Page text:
26 Nov 2016

Rust Dyeing

When a rust dyeing workshop became available I was quite pleased as I had never tried this before. My intrigue stems partly from the fact that rust is a naturally occurring chemical reaction and also because it is permanent. I was really pleased with how easy this process was and also how cheap it was! After a rummage in my garage, I found a handful of rusty things and experimented with a few pieces of fabric; old curtains and shirts that were lay dormant. The results, although intriguing, I wasn't quite sure where I could make use of them or how to develop the sample further. Maybe some embroidery?

I came across the work of Alice Fox which I love. I love the progressive nature of the work, how it changes with time and constantly looks different. Alice uses found objects in her work which add to the narrative and give an element of mystery and wonder when you try and imagine what they were once part of or who's hand had touched them. I also love how she has thought and purposefully placed the objects within the fabric to encourage a certain outcome.

Alice Fox 25 Beer Bootle Tops:
Beer Bottle Tops

Alice Fox rust diaries (detail):
Safety Pin

Alice Fox 76 Hair Grips1:
Hair grips

17 Nov 2016

Wabi Sabi

Having recently taken Andrew Juniper's book out of the library 'Wabi Sabi, The Japanese Art of Impermanence'. I am wondering why I haven't come across the term wabi sabi before. 'The term wabi sabi suggests such qualities as impermanence, humility, asymmetry and imperfection. These underlying principles are diametrically opposed to those of their Western counterparts, whose values are rooted in a Hellenic worldview that values permanence, grandeur, symmetry and perfection'. (Juniper, p.2). The idea that Western values are linked to that of perfection, which is unachievable, a goal that can never truly be fulfilled and is ultimately a cycle of frustration and deflation. 

These ideas make me think of my own practice and the materials I might use and what is used in wabi sabi art. Wabi sabi art is often made from natural materials. Natural materials change with time and react to their environments and are asymmetric, imperfect and impermanent. Some materials such as glass and plastic are built to withstand the tests of time. I am wondering if we expect less of natural materials in terms in terms of aging? If I had a glass table and a wooden one and I chipped them both, I think the wooden one would still be functional as you almost expect wood to chip and you could sand it and it might not look so bad. Whereas, the glass one would be sharp and potentially dangerous and need replacing. Making wood 'the less durable material' more sustainable in a number of ways.  Could this theory regarding natural materials be applied to designed objects and artefacts to make them more sustainable? Would we be less frustrated with our objects if we knew in which way they reacted over time and if it was expected of them? Rather than throwing something away everytime it shown signs of aging.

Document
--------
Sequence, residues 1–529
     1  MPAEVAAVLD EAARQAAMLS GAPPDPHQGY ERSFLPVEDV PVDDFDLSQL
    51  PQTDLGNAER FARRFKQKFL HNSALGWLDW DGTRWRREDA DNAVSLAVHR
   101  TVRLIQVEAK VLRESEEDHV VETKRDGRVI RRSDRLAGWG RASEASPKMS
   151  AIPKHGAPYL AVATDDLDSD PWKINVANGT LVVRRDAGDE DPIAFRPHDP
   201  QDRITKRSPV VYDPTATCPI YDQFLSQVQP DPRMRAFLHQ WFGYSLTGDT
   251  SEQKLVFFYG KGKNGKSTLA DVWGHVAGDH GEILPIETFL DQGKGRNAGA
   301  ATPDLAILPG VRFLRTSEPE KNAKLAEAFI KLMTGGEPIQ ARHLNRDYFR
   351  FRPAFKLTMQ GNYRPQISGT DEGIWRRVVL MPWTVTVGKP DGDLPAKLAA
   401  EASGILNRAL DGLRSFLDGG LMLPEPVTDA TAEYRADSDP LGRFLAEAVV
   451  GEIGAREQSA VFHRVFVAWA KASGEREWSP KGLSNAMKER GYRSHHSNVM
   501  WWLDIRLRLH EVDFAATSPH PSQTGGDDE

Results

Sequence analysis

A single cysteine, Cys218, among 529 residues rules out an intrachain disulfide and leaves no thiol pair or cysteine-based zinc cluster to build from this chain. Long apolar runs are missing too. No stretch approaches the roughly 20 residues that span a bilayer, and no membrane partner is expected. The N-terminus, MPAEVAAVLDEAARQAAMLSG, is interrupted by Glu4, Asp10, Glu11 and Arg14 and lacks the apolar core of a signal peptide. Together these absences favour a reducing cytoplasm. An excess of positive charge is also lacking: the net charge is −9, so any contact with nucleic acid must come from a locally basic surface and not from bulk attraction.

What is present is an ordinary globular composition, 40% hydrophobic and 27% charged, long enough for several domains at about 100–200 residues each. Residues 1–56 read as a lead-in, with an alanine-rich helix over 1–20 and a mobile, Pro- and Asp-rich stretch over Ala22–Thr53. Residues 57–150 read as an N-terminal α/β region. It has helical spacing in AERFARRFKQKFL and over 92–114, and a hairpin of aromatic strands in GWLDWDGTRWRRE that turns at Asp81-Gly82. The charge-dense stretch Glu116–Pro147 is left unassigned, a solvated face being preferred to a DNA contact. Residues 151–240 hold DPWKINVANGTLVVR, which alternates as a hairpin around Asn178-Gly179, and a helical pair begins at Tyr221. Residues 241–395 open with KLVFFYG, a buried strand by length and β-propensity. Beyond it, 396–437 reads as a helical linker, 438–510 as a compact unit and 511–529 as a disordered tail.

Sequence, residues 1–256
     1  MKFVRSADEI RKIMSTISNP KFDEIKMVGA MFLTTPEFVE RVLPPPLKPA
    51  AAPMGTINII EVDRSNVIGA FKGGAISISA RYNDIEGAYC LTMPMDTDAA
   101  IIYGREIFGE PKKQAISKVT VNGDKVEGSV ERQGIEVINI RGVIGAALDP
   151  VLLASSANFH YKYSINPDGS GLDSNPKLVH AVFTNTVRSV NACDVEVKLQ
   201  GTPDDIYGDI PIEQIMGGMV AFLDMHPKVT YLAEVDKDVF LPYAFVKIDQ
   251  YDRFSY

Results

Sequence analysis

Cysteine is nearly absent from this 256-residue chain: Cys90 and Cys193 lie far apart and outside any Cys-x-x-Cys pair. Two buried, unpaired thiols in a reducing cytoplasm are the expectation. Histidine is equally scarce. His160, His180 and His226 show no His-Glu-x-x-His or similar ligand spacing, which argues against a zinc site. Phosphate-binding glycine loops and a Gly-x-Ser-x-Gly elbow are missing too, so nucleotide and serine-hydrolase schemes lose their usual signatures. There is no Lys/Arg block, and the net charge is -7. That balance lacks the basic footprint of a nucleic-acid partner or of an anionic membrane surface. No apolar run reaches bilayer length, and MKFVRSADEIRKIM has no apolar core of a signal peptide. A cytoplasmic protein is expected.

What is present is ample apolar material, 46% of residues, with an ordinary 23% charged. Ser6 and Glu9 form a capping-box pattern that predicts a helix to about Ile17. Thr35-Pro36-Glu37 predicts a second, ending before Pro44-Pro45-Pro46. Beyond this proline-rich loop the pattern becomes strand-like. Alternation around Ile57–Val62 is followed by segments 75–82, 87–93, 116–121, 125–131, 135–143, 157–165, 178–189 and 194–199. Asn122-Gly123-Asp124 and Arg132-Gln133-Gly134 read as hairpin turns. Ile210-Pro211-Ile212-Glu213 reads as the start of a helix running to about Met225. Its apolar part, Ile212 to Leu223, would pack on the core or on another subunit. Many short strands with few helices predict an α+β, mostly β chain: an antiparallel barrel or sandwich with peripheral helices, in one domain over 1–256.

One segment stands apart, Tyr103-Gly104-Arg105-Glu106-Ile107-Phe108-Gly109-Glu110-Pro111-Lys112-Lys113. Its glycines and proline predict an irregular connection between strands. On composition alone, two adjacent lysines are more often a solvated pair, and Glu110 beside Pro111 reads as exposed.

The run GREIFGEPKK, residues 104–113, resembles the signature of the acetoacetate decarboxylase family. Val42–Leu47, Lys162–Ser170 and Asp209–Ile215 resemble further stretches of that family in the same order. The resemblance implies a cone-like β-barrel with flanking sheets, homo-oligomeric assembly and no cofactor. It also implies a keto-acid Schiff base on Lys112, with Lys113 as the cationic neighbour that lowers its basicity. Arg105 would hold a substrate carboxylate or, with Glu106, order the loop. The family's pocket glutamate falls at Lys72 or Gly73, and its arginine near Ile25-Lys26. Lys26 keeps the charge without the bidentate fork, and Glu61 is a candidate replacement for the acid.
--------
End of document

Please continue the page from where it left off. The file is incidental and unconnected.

Simply Imperfect: Revisiting the Wabi-Sabi House with alabama chanin:

9 Nov 2016

Textile Society Conference - Textiles Futures

Last weekend I attended the Textile Futures Conference in London. I was really in awe of all the speakers and can honestly say that I took something away from everyone of them in some form. The link to science with all of the speakers was significant in some way. I was looking forward to hear Carole Collet speak because of my interest in sustainability and was amazed to hear she did not come from a science background but had just experimented herself in her shed. She reminded us that in nature everything has a use and there is not one thing that goes to waste. There is no extreme temperatures or lengthy processes that waste gallons of water, it happens effortlessly and perfectly. The earth takes back all the waste, it breaks it down quickly and efficiently and the cycle continues. Carole takes this concept and uses nature as her inspiration as with some other speakers, using nature as a blueprint. How can we use nature to progress?

Suzanne Lee - Grow you own clothes

Material grown from green tea, sugar, microbes and time.


Tomáš Gabzdil Libertíny - Beeswax Sculpture

Using the power of nature, an expert beekeeper and his bees, designer Tomáš Gabzdil Libertíny created a metal structured before letting the bees take over to takeover and create this masterpiece.

3 Nov 2016

Lauren DiCioccio

I love the work of Lauren DiCioccio especially the collection "Who Can I Turn To (When Nobody Needs Me)". For me, it represents all the objects that become obsolete and abandoned over time. By recreating them and embroidering them, Lauren gives them a new dimension, she makes invaluable objects valuable as well as bringing obsolete objects back into the forefront of our mind and reminds us of their existence. I love how these ordinary objects have become so enchanting.


The loose threads are appealing for a few reason. Firstly, the fact that they let you identify what the medium is. They look so good, I can imagine that they could be misidentified from a distance. Secondly, the shift away from perfection, knots tied and embroidery looking as good from the back as it does at the front. These pieces move away from tradition and have their own perfection.